Posted in Criminal Defense on March 18, 2020
When someone is arrested for allegedly committing a crime, there is a chance they will be asked to stand trial to determine their innocence or guilt. The US court system is built on a system of fairness for everyone involved. In order for a person alleged to have committed a crime to be treated fairly, they must be competent to stand trial. Courts have required that defendants be competent in order to preserve due process. The Sixth Amendment to the US constitution guarantees a fair trial to everyone charged with a crime.
Defendants have a right to understand the proceedings against them. They should be able to assist in their own defense, which they cannot do if they are legally incompetent. When there is a question as to the competency of the defendant, then the defendant has a right to a hearing to determine their fitness to stand trial.
Every trial court has the authority to order a psychological examination of the defendant. Judges will use the results of a competency evaluation, as well as other factors, to determine whether or not the defendant can stand trial. Among the factors that will be considered could include whether or not the defendant can:
Competency is a relatively low threshold. A defendant’s lack of education, difficulty with language, communication challenges, and unintelligence are generally insufficient to support a finding of incompetency.
A person may be incompetent to stand trial if they suffer from a developmental disability or chronic mental illness, or if they have a traumatic or medical condition that has caused temporary incompetency.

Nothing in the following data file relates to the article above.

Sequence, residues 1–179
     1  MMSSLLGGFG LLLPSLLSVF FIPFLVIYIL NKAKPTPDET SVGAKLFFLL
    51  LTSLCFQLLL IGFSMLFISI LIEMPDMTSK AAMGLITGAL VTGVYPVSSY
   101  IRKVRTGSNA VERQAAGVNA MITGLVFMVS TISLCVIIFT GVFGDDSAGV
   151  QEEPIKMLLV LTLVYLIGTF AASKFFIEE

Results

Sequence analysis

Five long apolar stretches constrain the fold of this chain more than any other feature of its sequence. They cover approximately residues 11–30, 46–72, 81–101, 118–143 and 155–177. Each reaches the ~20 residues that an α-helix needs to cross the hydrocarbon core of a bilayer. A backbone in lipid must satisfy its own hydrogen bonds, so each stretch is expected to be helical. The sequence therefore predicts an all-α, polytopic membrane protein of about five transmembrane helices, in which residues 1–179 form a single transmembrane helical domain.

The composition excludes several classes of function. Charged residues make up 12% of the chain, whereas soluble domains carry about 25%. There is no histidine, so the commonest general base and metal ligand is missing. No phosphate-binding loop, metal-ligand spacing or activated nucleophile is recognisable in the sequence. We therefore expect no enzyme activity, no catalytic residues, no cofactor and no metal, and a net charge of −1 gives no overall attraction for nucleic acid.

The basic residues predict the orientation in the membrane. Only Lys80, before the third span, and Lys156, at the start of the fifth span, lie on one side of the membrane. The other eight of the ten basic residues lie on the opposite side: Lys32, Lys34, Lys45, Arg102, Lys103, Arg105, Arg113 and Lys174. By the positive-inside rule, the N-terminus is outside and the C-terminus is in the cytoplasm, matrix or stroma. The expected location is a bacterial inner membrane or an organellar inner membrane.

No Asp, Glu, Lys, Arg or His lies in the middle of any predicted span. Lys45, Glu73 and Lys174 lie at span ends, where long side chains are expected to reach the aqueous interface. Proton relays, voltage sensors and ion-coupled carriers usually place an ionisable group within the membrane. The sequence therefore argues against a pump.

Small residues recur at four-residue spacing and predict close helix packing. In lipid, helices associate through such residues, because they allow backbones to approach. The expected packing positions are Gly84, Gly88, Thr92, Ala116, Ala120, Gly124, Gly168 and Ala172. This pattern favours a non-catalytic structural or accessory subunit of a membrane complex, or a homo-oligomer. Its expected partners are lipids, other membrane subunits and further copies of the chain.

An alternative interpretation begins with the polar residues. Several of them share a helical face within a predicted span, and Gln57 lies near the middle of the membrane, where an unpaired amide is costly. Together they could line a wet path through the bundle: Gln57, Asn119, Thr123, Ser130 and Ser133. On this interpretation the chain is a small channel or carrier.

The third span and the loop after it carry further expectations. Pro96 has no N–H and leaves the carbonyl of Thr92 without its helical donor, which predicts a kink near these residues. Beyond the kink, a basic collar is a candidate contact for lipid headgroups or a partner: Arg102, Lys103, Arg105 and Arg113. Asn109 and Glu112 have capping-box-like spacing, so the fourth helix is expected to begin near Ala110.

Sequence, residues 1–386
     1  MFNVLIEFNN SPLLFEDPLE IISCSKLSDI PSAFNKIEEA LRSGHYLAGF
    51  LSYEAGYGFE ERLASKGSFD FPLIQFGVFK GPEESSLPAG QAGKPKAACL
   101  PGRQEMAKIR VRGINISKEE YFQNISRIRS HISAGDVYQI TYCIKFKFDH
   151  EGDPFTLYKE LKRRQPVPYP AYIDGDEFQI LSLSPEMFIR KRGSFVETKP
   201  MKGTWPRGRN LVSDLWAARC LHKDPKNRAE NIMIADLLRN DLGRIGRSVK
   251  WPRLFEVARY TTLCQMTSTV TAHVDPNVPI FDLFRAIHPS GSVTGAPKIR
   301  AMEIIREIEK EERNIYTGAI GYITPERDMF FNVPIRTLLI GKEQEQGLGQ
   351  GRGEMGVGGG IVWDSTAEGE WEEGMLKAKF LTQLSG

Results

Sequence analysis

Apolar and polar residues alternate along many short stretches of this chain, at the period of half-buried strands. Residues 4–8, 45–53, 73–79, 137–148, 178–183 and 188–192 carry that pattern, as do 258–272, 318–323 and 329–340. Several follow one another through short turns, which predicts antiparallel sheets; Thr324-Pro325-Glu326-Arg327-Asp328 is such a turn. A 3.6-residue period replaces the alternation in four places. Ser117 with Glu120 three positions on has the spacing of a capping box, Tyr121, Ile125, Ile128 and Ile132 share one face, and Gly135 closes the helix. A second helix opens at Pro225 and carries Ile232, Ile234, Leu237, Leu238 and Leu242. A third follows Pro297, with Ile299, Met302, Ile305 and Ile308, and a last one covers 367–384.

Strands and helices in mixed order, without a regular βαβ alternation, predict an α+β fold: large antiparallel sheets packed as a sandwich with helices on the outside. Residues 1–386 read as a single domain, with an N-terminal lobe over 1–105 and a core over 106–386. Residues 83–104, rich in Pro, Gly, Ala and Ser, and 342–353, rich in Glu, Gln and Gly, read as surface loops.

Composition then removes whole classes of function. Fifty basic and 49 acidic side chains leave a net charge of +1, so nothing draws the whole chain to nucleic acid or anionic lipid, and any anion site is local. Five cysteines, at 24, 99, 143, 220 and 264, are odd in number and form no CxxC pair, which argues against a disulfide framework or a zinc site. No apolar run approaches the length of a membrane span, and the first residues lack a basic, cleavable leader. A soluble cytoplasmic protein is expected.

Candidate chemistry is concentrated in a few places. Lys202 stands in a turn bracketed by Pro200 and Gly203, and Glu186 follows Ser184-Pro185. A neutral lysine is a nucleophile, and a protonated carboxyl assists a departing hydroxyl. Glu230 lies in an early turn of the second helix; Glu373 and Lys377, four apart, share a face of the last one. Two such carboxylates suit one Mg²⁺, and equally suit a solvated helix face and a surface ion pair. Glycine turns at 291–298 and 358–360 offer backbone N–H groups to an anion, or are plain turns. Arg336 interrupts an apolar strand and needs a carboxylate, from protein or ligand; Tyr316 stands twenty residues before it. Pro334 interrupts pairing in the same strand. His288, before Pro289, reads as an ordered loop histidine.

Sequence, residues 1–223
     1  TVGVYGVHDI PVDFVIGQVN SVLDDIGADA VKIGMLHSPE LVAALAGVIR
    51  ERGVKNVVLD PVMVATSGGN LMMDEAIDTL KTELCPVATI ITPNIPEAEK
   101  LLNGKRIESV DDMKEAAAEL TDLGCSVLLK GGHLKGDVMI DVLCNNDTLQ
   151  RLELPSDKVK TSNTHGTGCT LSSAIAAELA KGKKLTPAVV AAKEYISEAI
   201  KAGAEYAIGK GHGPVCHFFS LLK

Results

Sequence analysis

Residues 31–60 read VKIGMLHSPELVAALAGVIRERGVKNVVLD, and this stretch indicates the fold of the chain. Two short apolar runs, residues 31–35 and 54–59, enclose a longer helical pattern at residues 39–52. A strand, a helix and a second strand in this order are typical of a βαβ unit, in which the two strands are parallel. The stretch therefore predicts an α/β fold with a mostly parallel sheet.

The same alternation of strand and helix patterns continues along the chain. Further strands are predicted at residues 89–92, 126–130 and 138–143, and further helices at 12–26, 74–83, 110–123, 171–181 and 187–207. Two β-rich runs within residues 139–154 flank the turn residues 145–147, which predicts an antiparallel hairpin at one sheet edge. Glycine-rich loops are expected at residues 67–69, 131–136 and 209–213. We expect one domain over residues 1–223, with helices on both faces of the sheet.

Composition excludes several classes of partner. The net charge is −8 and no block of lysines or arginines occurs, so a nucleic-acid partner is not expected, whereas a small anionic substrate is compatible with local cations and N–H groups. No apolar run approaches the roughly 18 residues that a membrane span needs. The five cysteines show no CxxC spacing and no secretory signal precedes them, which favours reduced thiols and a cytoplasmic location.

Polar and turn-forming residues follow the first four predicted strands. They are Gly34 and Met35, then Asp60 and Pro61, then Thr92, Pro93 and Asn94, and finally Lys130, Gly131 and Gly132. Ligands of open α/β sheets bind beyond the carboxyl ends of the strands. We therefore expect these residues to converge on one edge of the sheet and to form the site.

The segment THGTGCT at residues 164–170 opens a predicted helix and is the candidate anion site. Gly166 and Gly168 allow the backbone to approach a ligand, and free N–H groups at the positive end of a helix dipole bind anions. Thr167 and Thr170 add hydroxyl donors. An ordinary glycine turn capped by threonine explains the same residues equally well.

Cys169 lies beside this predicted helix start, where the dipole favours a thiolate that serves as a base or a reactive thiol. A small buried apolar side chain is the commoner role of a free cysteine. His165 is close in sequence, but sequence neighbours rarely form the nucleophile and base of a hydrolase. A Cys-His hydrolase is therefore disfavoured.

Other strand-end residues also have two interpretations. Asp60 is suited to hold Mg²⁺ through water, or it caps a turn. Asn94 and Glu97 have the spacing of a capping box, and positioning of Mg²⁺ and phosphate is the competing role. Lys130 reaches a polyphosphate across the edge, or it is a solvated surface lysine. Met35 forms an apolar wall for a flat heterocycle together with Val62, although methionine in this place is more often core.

Competency to stand trial in California is found in Penal Code 1368 PC. Under state law, the defendant cannot be tried or convicted of a crime if:
We need to point out that incompetency is not a defense. This is legally not related to a defendant’s mental state at the time the alleged crime occurred. Competency relates only to the defendant’s mental state during the criminal proceedings.
Claiming “insanity” at the time the crime was committed is a complete defense. Insanity is used to describe the defendant’s mental state at the time the alleged crime occurred in an attempt to show that the defendant did not understand what they were doing.
A defendant who is determined to be criminally insane cannot be convicted of the crime, while a defendant determined to be incompetent cannot be tried or convicted while the incompetency lasts, which may or may not be permanent.
If someone you care about has been arrested and charged with a crime, but you are not sure about their competency to stand trial, contact an attorney immediately. At the Law Offices of Graham Donath, APC, we are ready to help. We firmly believe that everybody has the right to a fair trial. Let our defense attorneys get to work examining this case and ensuring you receive a competency hearing. You can contact us for a free consultation on your case by clicking here or by calling as soon as possible.